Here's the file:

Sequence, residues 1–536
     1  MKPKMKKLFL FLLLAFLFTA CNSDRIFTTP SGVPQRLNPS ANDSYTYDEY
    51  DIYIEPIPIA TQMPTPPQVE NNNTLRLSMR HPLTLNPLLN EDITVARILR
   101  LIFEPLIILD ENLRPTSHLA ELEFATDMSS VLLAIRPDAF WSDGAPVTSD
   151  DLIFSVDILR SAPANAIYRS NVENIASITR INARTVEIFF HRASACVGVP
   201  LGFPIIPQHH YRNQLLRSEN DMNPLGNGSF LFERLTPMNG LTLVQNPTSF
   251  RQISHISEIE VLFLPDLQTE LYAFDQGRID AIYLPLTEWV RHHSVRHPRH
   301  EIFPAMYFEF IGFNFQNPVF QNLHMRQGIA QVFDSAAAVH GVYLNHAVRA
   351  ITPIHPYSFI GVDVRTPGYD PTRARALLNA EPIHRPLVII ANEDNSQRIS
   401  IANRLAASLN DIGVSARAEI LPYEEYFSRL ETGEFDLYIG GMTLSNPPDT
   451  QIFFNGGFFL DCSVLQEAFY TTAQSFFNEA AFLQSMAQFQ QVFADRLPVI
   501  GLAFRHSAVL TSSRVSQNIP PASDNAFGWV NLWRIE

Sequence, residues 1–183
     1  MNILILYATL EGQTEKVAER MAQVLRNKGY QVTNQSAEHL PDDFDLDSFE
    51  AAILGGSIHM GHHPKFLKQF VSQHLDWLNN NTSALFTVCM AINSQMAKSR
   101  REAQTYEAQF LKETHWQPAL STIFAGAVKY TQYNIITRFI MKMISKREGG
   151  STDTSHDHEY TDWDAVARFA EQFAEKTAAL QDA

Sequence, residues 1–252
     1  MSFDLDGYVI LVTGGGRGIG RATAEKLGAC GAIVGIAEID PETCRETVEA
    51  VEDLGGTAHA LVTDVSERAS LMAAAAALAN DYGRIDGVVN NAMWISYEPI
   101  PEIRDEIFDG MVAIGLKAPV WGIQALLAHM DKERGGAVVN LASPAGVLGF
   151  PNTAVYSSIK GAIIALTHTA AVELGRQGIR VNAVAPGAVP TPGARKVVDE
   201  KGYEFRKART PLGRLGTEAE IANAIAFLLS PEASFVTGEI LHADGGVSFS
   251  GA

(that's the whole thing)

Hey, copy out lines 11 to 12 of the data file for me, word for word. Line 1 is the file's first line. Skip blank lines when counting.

   451  QIFFNGGFFL DCSVLQEAFY TTAQSFFNEA AFLQSMAQFQ QVFADRLPVI
   501  GLAFRHSAVL TSSRVSQNIP PASDNAFGWV NLWRIE